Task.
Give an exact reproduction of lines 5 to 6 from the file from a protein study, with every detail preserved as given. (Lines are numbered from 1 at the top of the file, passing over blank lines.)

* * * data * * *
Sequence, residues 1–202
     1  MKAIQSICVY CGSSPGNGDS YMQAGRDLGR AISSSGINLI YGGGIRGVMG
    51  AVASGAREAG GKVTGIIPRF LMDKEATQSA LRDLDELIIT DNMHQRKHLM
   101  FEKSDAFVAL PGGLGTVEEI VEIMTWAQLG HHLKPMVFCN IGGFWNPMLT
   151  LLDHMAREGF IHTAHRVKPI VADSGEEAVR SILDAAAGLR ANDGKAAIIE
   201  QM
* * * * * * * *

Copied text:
   151  LLDHMAREGF IHTAHRVKPI VADSGEEAVR SILDAAAGLR ANDGKAAIIE
   201  QM